Ali Smith


I must have mistaken Ali Smith for another author who writes chick-lit. With much gratefulness for a friend who points me to her direction, I have been on a hunt for her books although luck hasn’t been on my side. The Scottish writer has a long roll of honors and merits. She has been shortlisted for the Booker Prize and the Orange Prize, and winner of Scottish Book Award, Clare Maclean Prize, and Whitbreak Book Award.

To say that Smith plans her writings conscientiously gives the impression that she might be an over-deliberate, uninspiring writer, but this is very far from the truth. The themes she chooses to write about are ambitious: love, particularly but not only, that between women, death, loss, guilt, grief, illness, time and the chasms of misunderstanding between couples or the generations, where affection can become lost in impatience and incomprehension. They are themes that most writers touch upon, yet she seems to see them in a new, fresh light.

I will begin my Ali Smith journey with The Accidental, the story of the Smart family and Amber, the strange girl who comes into their lives one hot summer holiday. Her mysterious tales force each member of the family to view themselves in a new light.

[744] Green Light – Lloyd C. Douglas


” For so long had the name of Newell Paige been indisolubly associated with her mother’s tragic death that it had acquired, in Phyllis’s memory, a peculiarly sinister quality, symbolic of an inexcusable and irreparable disaster. She had never tried to visualize him. ” (XII, p.192)

Green Light begins with the stock market crash in 1929, on the eves of Great Depression. Newell Paige is a young surgeon who is to assist his venerable mentor, Dr. Endicott, in a kidney excision operation for a Mrs. Dexter, who has scraped an acquaintance with Paige that has ripened into a comradeship. When Endicott receives news of the stock market crash, he botches the operation, the patient dies, and Paige takes the blame for it rather than have his elderly mentor’s reputation sullied. To escape the ensuing publicity, he runs away, travels under a new persona, Nathan Parker, and finds himself in a hotel and later a mountain research station in Montana.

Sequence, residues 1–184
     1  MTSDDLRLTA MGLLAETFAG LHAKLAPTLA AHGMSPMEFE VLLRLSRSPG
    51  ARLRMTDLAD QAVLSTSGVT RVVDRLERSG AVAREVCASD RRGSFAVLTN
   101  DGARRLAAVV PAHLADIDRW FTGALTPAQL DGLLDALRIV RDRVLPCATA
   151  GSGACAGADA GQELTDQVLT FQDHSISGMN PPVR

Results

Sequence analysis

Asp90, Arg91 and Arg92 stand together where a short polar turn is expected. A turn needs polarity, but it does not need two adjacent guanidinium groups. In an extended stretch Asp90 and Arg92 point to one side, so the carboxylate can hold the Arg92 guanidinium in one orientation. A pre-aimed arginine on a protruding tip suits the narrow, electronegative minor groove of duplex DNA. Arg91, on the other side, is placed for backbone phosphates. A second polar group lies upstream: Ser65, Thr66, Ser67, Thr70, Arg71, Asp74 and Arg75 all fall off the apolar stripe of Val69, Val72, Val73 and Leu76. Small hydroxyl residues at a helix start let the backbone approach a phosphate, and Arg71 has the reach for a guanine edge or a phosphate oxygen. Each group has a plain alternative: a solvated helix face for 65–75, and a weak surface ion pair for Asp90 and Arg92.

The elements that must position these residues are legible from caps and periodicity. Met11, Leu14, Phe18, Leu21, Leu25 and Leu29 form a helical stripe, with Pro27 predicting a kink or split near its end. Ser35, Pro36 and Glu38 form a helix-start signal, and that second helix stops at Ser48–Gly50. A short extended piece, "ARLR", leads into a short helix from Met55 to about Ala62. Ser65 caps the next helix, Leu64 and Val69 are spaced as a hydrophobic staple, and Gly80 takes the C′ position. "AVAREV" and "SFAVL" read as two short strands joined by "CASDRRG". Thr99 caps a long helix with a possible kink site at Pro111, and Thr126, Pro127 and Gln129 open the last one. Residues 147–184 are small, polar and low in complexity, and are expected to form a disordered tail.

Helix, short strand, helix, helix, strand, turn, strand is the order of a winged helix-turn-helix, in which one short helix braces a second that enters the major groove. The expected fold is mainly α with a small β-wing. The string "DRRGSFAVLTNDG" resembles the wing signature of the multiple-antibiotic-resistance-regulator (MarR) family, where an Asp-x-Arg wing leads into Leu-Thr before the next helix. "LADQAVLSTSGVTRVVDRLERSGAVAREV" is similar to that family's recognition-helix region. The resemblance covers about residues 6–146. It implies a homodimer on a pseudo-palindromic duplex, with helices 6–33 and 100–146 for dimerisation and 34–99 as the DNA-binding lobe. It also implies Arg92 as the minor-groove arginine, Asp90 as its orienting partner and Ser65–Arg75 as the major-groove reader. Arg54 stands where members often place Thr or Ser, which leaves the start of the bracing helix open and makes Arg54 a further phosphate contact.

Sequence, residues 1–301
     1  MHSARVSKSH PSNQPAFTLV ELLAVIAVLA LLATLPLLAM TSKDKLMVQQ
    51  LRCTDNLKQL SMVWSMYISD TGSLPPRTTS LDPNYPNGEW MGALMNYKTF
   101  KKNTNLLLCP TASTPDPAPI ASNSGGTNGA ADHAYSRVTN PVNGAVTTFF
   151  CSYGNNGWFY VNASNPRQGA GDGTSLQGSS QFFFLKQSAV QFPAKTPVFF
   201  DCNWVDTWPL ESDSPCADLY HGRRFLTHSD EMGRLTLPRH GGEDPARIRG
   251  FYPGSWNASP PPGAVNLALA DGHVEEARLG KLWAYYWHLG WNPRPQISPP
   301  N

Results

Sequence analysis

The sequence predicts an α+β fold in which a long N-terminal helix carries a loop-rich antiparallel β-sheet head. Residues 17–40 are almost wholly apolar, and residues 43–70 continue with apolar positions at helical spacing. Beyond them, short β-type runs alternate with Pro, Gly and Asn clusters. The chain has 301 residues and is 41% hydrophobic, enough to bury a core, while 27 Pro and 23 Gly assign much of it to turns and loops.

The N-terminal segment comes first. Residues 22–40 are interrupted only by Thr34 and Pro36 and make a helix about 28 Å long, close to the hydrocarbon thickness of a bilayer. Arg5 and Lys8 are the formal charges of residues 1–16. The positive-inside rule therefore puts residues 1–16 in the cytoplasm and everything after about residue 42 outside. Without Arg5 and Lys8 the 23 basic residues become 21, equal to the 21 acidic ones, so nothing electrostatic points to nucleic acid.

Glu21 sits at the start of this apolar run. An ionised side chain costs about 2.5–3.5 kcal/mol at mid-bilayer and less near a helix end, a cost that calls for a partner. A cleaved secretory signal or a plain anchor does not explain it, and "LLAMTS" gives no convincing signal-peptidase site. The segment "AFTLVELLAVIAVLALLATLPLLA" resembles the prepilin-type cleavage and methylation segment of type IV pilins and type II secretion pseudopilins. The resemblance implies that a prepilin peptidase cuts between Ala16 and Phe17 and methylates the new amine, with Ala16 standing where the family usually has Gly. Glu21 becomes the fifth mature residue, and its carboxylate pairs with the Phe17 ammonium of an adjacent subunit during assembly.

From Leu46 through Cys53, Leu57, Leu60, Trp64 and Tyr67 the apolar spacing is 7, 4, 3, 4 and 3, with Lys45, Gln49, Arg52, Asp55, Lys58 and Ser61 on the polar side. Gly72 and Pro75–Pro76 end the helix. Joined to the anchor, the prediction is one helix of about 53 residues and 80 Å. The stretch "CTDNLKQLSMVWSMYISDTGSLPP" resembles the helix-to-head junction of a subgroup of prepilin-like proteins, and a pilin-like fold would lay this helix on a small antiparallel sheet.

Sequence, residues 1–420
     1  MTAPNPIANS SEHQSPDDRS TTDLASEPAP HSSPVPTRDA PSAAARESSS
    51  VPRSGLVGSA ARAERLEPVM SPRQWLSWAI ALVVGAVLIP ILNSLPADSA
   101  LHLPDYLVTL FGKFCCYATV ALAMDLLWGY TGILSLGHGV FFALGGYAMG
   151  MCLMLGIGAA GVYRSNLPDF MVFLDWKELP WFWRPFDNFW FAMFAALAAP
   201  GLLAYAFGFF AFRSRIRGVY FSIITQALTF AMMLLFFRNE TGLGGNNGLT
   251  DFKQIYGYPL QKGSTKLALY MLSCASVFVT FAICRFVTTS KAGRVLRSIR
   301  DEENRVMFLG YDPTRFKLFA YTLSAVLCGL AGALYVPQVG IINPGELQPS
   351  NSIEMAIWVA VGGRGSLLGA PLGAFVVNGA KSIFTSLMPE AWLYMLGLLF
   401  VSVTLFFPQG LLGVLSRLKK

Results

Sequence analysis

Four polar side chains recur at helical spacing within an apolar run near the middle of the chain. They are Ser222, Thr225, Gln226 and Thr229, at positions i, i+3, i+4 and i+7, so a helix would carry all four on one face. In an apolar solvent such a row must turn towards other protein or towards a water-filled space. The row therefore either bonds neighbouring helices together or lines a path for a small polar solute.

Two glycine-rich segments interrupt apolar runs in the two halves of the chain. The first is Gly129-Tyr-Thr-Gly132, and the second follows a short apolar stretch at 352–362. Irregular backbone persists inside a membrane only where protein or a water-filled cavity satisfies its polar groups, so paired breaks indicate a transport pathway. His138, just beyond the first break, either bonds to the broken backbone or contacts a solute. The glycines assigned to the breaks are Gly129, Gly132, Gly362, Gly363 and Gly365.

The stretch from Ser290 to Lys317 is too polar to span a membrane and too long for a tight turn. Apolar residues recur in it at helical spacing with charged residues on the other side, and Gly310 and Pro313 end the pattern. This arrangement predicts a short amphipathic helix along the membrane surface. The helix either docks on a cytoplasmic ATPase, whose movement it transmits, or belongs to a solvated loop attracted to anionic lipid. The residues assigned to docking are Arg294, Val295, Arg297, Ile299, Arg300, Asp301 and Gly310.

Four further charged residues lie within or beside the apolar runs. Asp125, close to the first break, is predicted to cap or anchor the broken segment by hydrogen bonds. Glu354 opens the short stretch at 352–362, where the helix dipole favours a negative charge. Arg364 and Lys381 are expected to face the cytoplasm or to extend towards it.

People collide with circumstances that push them off the commonly accepted moral reservation—and then they assume that they have lost their souls… (IV, 53)

Through the various people Paige (Parker) meets, he comes under the influence of the deeply spiritual Dean Harcourt, left permanently crippled by infantile paralysis, is knowledgeable of the various anxieties which bedevil the mind of the average citizen. He has also come to meet, inevitably, Mrs. Dexter’s daughter, Phyllis Dexter, who has alternately dreaded and desired to see him. The story is very simple, but heavy in authorial intrusion, propelling along with the multiple plots tethered together by Dean Harcourt and his philosophy. Although the characters are not fully developed, Douglas manages to put the troubles of Paige in perspective. It’s a good novel about how a man finds his redemption.